Nicholson, Wolfowitz Open Disabled Veterans Winter Sports Clinic
By Donna Miles
American Forces Press Service
SNOWMASS VILLAGE, Colo., April 3, 2006 Veterans Affairs Secretary R. James Nicholson and former Deputy Defense Secretary Paul Wolfowitz opened the 20th National Disabled Veterans Winter Sports Clinic here last night, praising participants for their sacrifices and their focus on their abilities, not their disabilities.
Former Deputy Defense Secretary Paul Wolfowitz speaks April 2 to disabled veterans at the opening ceremony for the 20th National Disabled Veterans Winter Sports Clinic. Photo by John Sokolowski
(Click photo for screen-resolution image);high-resolution image available.
Nicholson saluted this year's 350 participants, including about 50 wounded during operations Iraqi Freedom and Enduring Freedom, for their willingness to push beyond their comfort zones to discover the challenges they can overcome. He told them their "indomitable spirit and optimism and can-do attitude ... epitomize America."
"You are showing that there are no barriers to living life to the fullest and being a productive person if you put your mind to it," he said. "By your achievements in the field of sport this week, you will again showcase that spirit of America."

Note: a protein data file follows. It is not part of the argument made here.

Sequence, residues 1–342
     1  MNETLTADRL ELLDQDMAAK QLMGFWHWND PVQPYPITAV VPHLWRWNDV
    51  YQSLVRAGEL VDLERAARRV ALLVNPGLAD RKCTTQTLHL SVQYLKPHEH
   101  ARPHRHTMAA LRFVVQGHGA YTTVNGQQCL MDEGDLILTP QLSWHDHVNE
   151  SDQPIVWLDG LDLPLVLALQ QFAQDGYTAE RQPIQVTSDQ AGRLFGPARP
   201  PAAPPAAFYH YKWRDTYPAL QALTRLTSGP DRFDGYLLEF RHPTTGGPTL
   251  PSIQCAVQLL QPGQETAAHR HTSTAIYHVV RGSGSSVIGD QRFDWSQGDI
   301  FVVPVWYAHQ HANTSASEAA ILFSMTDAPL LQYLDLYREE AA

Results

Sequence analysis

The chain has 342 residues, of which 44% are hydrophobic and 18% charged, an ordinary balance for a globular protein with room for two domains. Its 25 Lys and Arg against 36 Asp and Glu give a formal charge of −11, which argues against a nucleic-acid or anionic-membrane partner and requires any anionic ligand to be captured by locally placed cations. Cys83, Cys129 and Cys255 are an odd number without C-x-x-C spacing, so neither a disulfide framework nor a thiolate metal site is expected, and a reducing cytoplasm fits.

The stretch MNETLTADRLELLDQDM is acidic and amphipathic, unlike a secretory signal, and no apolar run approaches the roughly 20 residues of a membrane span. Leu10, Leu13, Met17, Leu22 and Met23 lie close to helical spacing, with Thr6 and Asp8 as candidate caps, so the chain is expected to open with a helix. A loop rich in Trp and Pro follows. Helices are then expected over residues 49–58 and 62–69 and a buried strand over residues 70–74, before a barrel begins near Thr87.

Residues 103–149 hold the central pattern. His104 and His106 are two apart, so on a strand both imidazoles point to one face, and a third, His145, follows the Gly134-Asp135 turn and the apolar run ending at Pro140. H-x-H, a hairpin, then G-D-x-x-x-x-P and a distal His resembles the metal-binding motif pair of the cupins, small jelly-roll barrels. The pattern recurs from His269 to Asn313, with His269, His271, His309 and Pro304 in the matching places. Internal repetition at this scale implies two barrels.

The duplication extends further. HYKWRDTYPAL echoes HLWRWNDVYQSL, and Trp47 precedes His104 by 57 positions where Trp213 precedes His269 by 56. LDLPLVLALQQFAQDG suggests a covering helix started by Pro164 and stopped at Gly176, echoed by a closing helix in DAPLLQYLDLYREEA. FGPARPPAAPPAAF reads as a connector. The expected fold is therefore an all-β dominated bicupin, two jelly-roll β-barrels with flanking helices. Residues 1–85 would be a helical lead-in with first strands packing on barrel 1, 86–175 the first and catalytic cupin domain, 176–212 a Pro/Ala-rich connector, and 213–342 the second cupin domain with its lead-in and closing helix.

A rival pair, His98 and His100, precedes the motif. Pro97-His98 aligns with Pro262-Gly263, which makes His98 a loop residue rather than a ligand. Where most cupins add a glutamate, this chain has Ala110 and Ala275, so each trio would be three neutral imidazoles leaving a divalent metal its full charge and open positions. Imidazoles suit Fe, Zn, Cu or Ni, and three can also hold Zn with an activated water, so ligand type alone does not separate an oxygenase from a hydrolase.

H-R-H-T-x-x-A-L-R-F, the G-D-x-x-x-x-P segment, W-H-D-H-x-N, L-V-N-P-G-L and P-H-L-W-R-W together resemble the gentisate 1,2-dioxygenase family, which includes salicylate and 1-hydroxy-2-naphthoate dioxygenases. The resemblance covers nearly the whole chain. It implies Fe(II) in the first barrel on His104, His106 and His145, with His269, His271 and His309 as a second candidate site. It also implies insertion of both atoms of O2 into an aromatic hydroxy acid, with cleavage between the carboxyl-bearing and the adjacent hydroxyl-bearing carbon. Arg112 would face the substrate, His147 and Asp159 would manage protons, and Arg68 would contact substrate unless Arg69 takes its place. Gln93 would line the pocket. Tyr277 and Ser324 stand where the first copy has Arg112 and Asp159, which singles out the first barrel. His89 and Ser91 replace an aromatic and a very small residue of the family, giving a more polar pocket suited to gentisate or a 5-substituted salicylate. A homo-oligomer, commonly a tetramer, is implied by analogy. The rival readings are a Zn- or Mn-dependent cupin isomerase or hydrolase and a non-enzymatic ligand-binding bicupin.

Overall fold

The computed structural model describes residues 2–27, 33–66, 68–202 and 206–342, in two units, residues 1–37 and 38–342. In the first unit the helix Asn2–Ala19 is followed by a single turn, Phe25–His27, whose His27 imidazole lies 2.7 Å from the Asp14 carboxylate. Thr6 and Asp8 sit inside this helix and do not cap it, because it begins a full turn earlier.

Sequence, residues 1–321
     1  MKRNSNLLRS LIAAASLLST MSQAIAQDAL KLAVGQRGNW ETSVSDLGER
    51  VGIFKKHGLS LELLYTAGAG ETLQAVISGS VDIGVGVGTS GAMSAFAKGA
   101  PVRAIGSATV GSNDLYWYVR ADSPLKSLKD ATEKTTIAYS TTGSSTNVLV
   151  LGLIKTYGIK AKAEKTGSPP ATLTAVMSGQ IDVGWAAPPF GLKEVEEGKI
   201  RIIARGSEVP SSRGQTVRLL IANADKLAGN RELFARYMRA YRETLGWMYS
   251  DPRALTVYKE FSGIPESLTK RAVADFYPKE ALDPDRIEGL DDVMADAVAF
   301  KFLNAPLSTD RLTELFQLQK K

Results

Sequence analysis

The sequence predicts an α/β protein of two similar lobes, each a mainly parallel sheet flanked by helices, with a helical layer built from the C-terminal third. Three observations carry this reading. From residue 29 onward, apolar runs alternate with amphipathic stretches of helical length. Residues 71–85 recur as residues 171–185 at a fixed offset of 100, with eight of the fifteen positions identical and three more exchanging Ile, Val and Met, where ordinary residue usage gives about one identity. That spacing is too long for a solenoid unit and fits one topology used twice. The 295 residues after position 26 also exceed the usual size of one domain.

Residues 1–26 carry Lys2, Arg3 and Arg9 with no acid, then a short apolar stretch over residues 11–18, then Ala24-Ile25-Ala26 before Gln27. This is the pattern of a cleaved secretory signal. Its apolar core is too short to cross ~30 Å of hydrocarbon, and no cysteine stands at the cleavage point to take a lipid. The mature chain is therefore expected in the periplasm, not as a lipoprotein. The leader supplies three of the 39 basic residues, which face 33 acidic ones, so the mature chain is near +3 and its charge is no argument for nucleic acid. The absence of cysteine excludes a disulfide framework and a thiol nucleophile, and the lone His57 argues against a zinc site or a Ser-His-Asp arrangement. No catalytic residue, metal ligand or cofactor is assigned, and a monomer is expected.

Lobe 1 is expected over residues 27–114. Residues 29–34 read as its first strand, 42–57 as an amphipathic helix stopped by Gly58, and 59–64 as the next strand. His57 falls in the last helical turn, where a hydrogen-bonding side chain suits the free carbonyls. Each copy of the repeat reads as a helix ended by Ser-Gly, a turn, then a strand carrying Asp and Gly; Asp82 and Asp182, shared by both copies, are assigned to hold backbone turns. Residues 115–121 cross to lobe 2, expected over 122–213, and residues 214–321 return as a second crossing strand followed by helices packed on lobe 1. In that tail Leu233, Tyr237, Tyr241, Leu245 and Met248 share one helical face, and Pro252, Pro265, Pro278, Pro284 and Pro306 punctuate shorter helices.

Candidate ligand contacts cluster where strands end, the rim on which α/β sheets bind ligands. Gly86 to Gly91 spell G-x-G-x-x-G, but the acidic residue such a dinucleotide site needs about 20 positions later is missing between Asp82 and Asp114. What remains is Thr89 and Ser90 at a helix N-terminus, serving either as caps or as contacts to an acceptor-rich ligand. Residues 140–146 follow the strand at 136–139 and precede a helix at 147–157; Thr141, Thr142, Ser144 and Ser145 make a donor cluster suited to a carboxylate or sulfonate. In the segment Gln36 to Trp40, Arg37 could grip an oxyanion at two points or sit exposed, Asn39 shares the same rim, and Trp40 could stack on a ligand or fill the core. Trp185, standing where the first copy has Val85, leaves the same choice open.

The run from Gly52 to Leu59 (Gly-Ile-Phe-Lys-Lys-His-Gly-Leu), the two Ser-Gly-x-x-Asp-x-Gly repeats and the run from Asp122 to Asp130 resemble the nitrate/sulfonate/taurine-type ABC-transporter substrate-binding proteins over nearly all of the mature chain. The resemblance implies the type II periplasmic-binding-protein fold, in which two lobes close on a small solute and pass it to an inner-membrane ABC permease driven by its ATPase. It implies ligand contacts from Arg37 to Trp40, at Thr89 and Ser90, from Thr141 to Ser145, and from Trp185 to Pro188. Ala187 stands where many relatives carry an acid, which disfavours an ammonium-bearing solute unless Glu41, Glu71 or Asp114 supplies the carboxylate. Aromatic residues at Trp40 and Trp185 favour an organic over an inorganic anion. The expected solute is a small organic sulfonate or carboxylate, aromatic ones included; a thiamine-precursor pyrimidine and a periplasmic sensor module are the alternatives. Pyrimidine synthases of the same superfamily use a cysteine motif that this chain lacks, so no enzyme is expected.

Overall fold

The winter sports clinic is about a lot more than skiing, Nicholson said earlier in the day. "It's about (these veterans) coming together, getting to know each other and bonding and realizing a whole new set of life experiences," he said. "It's opening them up to a whole 'nother life."
The program, jointly sponsored by the Department of Veterans Affairs and the Disabled American Veterans, is open to U.S. military veterans with disabilities ranging from spinal cord injuries and orthopedic amputations to visual impairment and neurological conditions.
During a six-day program designed to help them push their limits and discover new abilities. Veterans learn adaptive Alpine and Nordic skiing. They also are introduced to a variety of other activities and sports, such as rock climbing, scuba diving, trapshooting, snowmobiling, and sled hockey. This year, for the first time, participants will also be introduced to racing techniques and other Paralympic sports, such as wheelchair fencing.
Between their scheduled sports activities, participants will kick back to the entertainment of country music star Clay Walker and visit with actress Bo Derek, national honorary chairwoman for VA's rehabilitation special events.
Wolfowitz, president of the World Bank, told the group he was so impressed by what he witnessed at last year's clinic, which he attended as deputy defense secretary, that he didn't want to miss this year's event. "It was fantastic. ... It just blew my mind," he told the group. "I didn't realize that this is sort of like basic training, taken to a higher level. ... I realized what this program pushes you to do and helps you learn to do, and I heard over and over and over again (that) this is a life-changing experience."